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UTERINE PROLAPSE

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Uterine Prolapse/Pelvic relaxation/Pelvic floor hernia


a descent or herniation of the uterus into or beyond the vagina considered under the broader heading of "pelvic organ prolapse" which also includes cystocele, urethrocele, enterocele, and rectocele. anatomically, the vaginal vault has 3 compartments: - an anterior compartment (consisting of the anterior vaginal wall) - a middle compartment (cervix) - posterior compartment (posterior vaginal wall). UP involves the middle compartment

Four stages of uterine prolapse are defined:


stage I - descent of the uterus to any point in the

vagina above the hymen stage II - as descent to the hymen stage III - as descent beyond the hymen stage IV - as total eversion or procidentia
Uterine prolapse always is accompanied by some degree of vaginal wall prolapse..

Assessment
A complete pelvic examination is required, including a

rectovaginal examination to assess sphincter tone. A Sims speculum or a standard bivalve speculum with the anterior blade removed may facilitate diagnosis. Physical findings may be enhanced by having the patient strain during the examination or by having her stand or walk prior to examination. Standing with an empty bladder may result in a 1-2 stage difference in the degree of prolapse noted on examination when compared to a supine position with a full bladder. Mild uterine prolapse may be recognized only when the patient strains during the bimanual examination.

Evaluate all patients for estrogen status.


Signs of decreased estrogens

Loss of rugae in the vaginal mucosa Decreased secretions Thin perineal skin Easy perineal tearing Physical examination should also be directed toward ruling out serious conditions that may rarely be associated with uterine prolapse, such as infection, urinary outflow obstruction with renal failure, and hemorrhage. If urinary obstruction is present, the patient may exhibit suprapubic tenderness or a tympanitic bladder. If infection is present, purulent cervical discharge may be noted.

Lab Studies
Laboratory studies are

Imaging Studies

unnecessary in uncomplicated cases. Cervical cultures - cases complicated by ulceration or purulent discharge Papanicolaou test (Pap smear cytology) or biopsy - in rare cases of suspected carcinoma BUN and creatinine measurement - if PE findings suggest urinary obstruction

Pelvic ultrasound

examination Ultrasonography MRI - to grade pelvic organ prolapse

Pelvic heaviness or pressure Protrusion of tissue: A patient who reports of a "bulge" has been

found to be a valuable screening tool for the detection of pelvic organ prolapse (81% PPV, 76% NPV). Pelvic pain Sexual dysfunction, including dyspareunia, decreased libido, and difficulty achieving orgasm Lower back pain Constipation Difficulty walking Difficulty urinating Urinary frequency Urinary urgency Urinary incontinence Nausea Purulent discharge (rare) Bleeding (rare) Ulceration (rare)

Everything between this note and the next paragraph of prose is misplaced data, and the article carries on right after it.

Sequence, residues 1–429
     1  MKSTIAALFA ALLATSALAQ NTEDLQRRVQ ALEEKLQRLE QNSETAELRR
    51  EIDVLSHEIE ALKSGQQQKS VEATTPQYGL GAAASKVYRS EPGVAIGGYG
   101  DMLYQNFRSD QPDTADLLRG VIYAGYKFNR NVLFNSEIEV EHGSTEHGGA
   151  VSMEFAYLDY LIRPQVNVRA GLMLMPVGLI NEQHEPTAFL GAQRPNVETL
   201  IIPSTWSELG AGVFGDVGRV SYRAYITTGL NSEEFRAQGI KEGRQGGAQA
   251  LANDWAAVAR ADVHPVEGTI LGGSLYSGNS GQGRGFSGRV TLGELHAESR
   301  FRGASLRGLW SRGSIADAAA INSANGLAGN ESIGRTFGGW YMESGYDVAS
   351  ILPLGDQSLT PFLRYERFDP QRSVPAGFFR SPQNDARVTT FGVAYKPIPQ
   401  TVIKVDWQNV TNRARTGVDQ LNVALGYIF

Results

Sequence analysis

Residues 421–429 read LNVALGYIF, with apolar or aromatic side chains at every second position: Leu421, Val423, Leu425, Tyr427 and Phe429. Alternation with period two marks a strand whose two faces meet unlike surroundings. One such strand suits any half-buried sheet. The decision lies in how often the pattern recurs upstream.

Signs and Symptoms

Pathophysiology
Age Race (Hispanic) Pelvic structure (Anthropoid) Uterine structure Lifestyle (occupation) Multiparus Menopause

Decreased estrogen level

Obstetrical trauma

Weakening of the pelvic tissues, muscles, ligaments

Uterine prolapse
GI: Dysuria Constipation Urinary frequency Nausea & vomiting Urinary incontinence Urinary urgency Integumentary: Protrusion of tissue ulceration

Stage I (descent to any point of the vagina above the hymenal remnants)

Musculoskeletal: Pelvic heaviness Pelvic pain Low back pain

Stage II (descent to the hymen)

Reproductive: Sexual dysfunction Decreased libido

Stage III (descent beyond the hymen) Circulatory: Bleeding Stage IV (total eversion or procidentia)

Complications:

Urinary retention Constipation Hemmorhoids Cervical ulceration Infection (possible) Cystitis

Treatment/Medical Mngt:
Pessaries
+ fitted into the vagina to hold the uterus in place + temporary or permanent form + fitted individually for each woman + attaining and maintaining optimal weight is recommended

Surgery
+ uterus sutured back into place &

+ colpopexy - involves the use of surgical mesh for supporting the uterus
+ hysterectomy removal of uterus

Nursing management:
preventive measures:
Early visits to HC provider = early detection Teach Kegels exercises during PP period

preoperative nursing care:


Thorough explanation of procedure, expectation and effect

on future sexual f(x) Laxative and cleansing edema (rectocele) independently, at home a day prior procedure Perineal shave prescribed also Lithotomy position for surgery

postop nursing care:


Pt. is to void few hours after surgery; catheter if

unable (after 6 hrs)

NURSING

Pain

Administer analgesic as

prescribed. Provide comfort measures such as backrub. Provide diversional activities such as guided imagery and

Constipation
Administer stool

softeners/laxatives as prescribed. Encourage increase in fluid and fiber intake. Encourage early ambulation.

Urinary Incontinence
Determine if client is aware of

incontinence. Developmental issues/ medical conditions that can impair patients awareness and sensory perception of voiding. Determine patients particular symptoms (e.g. continuous dribbling). Implement bladder training for incontinence management by providing ready acces to bathroom or commode, encouraging adequate fluid intake, and establishing voiding/bladder emptying.

Sexual dysfunction
o Provide factual information about

individual condition involved to promote informed decision making. o Provide for ways to obtain privacy to allow for sexual expression for individual and/or between partners with out embarrassment and/or objection of others. o Establish therapeutic nurse-client relationship to promote treatment and facilitate sharing of sensitive information.

Risk for Infection

Observe for localized signs of

infection. Note for signs and symptoms for sepsis. Stress proper hand hygiene.